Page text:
Then, at some point, you realize you cannot just focus on the micro; otherwise, you’re doing a lot of internal navel-gazing that may not be synchronized to produce the type of synergistic and strategic impact required in order for the institution to achieve its mission.
Additionally, the inner work must result in a greater impact externally. As we were doing much of the internal work, the social challenges were multiplying, given the perils of climate change and attacks on peace and stability, and democratic institutions and processes, both at home and abroad.
It is in this context that we realized we could continue entrenching belonging internally and with our partners while also striving for greater impact because of our people-forward, culture-centered work.
I would like to say our internal efforts were always strategically aligned to our impact, but that would not be accurate. However, our commitment to the important work the RBF does never changes, and it remains a powerful agent of tethering, compelling us to align our efforts to the social issues the RBF exists to address.
Said differently, we became increasingly aware of the multiple micro progressions we were making and concluded, with staff input, that cohesion, transparency, and accountability will be key in realigning the micro efforts to the macro work of the RBF.
We have since made inroads on this and are presently at a stage of creating a strategic direction that can be evaluated to ensure that the sum total of our effort accrues to advancing our mission in a sustainable and prudent, equitable and inclusive, and strategic manner.
Culture and our people-forward approach will continue to be integral to how we harness our talents to address the social issues the RBF works to address.
It’s not going to be perfect, but it will yield greater inclusive and equitable outcomes.
The negative intended and unintended consequences of social exclusion are immense.
The idea of becoming anti-racist and anti-sexist as a change management process is therefore inevitable in some regards.
At the RBF, we are experimenting with the idea of building internal and external consortia and partnerships that strategically advance both micro/ and macro approaches to becoming anti-racist and anti-sexist. One needs the other; you cannot just do the internal without doing the external, and so you’re constantly building and reinforcing social and talent consortia.
Paying attention to the context is also critical. There are moments like 2008 when the first Black president is elected to office in the U.S., but fast forward to 2016 when you have a new administration, and you must pivot with the moments.
These moments can become windows of opportunity to catapult your institutional transformative efforts.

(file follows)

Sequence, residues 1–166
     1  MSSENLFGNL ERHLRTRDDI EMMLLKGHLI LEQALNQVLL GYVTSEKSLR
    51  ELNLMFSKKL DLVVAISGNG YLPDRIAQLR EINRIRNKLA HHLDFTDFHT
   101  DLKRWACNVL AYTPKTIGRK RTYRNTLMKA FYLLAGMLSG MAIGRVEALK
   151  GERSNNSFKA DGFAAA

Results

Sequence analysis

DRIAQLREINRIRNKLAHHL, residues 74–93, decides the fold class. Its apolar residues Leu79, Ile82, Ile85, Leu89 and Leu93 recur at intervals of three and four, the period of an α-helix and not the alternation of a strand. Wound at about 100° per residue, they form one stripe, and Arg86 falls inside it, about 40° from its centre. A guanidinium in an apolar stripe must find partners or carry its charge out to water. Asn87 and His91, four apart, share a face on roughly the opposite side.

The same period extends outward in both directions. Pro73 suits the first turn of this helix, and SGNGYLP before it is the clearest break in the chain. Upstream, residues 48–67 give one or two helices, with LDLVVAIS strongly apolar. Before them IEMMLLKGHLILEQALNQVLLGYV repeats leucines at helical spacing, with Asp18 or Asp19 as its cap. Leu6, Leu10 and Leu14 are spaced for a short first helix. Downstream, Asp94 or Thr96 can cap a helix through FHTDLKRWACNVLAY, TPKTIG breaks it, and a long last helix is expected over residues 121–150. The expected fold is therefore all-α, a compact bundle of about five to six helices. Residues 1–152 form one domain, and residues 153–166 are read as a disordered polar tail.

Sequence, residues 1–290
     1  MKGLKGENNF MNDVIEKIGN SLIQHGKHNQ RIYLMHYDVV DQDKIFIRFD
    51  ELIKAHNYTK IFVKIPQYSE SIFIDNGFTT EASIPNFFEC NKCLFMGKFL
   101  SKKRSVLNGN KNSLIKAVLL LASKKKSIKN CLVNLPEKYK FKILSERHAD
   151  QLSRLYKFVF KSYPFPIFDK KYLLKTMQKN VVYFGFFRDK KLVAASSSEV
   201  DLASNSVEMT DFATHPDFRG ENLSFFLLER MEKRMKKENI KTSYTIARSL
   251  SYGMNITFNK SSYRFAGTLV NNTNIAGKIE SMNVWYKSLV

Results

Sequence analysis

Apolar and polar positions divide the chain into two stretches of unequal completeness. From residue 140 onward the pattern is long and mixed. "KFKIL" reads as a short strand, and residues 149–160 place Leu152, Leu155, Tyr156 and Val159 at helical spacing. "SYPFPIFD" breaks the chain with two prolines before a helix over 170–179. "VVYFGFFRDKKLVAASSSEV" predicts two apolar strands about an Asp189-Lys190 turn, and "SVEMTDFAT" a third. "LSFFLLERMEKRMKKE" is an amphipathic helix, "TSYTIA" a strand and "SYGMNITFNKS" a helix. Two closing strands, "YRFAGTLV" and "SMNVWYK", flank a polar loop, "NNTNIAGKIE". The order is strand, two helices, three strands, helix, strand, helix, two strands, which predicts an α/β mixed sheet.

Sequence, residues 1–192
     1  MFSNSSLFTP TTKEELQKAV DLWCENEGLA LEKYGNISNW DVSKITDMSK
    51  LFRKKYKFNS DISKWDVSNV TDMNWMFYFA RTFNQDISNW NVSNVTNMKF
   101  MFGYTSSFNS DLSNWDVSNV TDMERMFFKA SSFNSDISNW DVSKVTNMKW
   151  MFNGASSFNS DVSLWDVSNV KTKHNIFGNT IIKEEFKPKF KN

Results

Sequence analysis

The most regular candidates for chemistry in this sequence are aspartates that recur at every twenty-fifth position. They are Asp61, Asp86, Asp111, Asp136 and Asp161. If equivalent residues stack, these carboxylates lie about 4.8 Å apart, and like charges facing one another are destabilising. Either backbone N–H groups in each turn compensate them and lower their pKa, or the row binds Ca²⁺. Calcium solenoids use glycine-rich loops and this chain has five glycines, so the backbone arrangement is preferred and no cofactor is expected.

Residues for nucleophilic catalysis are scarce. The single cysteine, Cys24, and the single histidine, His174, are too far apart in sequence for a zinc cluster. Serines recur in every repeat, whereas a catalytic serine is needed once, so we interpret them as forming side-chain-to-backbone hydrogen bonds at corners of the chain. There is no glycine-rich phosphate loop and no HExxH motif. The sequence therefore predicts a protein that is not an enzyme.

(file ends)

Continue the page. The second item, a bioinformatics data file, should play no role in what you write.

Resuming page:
At the RBF in 2016, we felt like our external impact was stalled by the political climate. We did not appreciate how much internal infrastructure we had built to push back and stay the course.
Similarly, in 2020, when we declared our commitment to anti-racism and anti-sexism, we underestimated the internal progress in our culture that allowed for this posture.
In addition to resilience and a return to institutional values and people-forward culture-centeredness, there’s more to unpack about the RBF way of advancing its mission. We are now creating a strategic framework that can categorize how we have arrived at our current state and provide a clear roadmap of how we get to our desired state – where we have a greater understanding of how our culture animates the talent we require to achieve the important mission of the RBF – in the next three to five years.
We are yet to chronicle how our 15-year DEI journey has brought us to the current state. When you look back, it is hard not to say, “Wow! Look what we did in 2008. Look at how we overcame the challenges of 2016. See how we pivoted in that here and there and how that prepared us for 2020.”
When we are clearer on the connection between our culture, talent, and impact, we will be better positioned to take advantage of the upcoming windows of opportunity.
What are your thoughts about what you have learned from field building activities and systems change and what learnings others can take from that process?
At the granular level, I have learned the importance of self-care for staff, partners, and myself. It’s not an easy journey to build inclusive and equitable structures.
There’s a very good reason, as a society, we are the way we are.
This work must be approached sustainably. Self-care is critical.
The less granular lesson I have learned is that there is work to be done at the strategic level.
Much of culture work, anti-racism and anti-sexism included, would benefit from benchmarking.
Back in the day, there was such a thing as a personnel department, which then became human resources (which then became human capital, which now is a fancy people operations department). This was a journey of transforming a nebulous idea of a team that manages other humans into a strategic effort that completely shapes how organizations are defined and contributes to whether the organization sinks or floats.
Similarly, with the work around anti-racism and anti-sexism, minimum standards should be established for DEI work that can be compared across institutions and sectors.
Benchmarking and, ultimately, strategic approaches will be important in creating a community of professionals for this work that will have important returns for the practitioners, their institutions, and their sectors.